“How do you find and fix them, then, in such a short time?”

“Ha! We don’t find defects, we don’t fix them: we prevent them. Let’s look at ways we can ship code with very few defects, and I do mean very few.”

Kate drew another picture. “We could code and then test, like this. That would be bad. Here are a few reasons why.

“First, since we work in one-week iterations, it would mean that testing would pile up, since testing after the fact, we couldn’t start until the code was done. So at the beginning of the iteration, the testers would be idle and at the end either the programmers would be idle or they’d be coding things that couldn’t be tested. Either would be bad.

“Second, when the testing phase finds a problem, it has to send the software back to the coding phase. Since the programmer has already kicked that can over to testing and moved on to something else, he has to drop what he’s doing and fix the problem.”

“Why couldn’t he wait and fix it after he’s done with whatever he’s now working on,” someone asked.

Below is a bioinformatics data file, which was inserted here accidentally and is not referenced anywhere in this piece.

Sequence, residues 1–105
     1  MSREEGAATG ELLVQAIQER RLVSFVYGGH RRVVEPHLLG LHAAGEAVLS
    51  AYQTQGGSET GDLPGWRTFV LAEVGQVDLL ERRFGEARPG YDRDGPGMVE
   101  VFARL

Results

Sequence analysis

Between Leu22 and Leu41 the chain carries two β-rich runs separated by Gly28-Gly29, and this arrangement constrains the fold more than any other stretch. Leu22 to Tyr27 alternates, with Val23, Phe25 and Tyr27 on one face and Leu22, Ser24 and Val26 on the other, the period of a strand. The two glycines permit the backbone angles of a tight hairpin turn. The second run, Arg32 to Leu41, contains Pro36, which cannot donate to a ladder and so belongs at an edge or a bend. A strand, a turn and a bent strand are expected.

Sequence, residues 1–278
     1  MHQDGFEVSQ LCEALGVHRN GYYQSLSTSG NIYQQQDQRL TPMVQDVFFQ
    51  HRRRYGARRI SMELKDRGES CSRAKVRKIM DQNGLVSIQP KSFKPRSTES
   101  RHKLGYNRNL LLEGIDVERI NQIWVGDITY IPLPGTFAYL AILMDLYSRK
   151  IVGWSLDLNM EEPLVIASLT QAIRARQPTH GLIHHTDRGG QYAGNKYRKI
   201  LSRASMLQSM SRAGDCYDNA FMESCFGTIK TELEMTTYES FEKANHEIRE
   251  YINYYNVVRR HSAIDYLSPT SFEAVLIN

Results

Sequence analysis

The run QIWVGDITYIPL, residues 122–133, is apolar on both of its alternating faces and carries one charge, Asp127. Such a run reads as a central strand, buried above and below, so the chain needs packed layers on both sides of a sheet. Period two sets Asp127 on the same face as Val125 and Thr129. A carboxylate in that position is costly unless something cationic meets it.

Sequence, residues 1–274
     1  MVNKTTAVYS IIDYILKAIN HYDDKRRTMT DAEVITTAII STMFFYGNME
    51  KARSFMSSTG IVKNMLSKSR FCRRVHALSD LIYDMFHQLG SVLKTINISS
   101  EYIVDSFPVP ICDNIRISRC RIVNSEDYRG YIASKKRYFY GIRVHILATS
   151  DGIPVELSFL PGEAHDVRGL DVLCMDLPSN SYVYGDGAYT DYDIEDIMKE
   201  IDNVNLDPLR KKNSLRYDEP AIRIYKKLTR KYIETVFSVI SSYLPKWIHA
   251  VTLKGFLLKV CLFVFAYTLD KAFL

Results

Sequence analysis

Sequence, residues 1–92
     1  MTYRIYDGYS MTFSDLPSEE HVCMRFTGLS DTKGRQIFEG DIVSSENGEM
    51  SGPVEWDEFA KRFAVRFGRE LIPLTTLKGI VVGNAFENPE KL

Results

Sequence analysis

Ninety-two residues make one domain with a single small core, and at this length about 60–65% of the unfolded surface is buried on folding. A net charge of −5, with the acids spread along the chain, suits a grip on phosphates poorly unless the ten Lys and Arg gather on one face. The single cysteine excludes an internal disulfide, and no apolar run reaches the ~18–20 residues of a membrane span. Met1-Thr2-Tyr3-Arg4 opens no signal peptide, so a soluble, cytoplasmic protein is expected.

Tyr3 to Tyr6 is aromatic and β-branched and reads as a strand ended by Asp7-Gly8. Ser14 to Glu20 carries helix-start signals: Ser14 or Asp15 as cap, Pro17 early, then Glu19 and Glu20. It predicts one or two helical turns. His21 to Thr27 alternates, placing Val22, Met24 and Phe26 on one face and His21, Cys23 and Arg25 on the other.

“Well, the can he kicked down the road is more important, so fixing it is higher priority. He wasn’t done with the first thing, so shouldn’t even have started with the second.”

Kate went on. “But whether the programmer works on the defect right away or later, the real problem is that the defect exists at all. Once the code leaves the programmer’s hands, if it comes back, it is rework, and rework is waste. It costs us time, as the code cycles back and forth from code to test to code, and time, I’m told, is money.

“Finally, it should be pretty clear that if we work this way we can’t possibly get features done in a week. That means that the Product Champion won’t know how things are going, nor will management. When features are flowing out, we know what’s going on and we are better able to guide the effort, just by providing new feature stories next iteration. When features are not coming out, we need to look at other ways to find out how things are going, and most of those don’t work.”

Kate said, “Let me admit right here that at heart I’m a programmer. So I know that when someone asks me how I’m doing, I should say something like ‘ninety percent done, just got this little widget thing to do’. That way they’ll go away and I can get back to coding.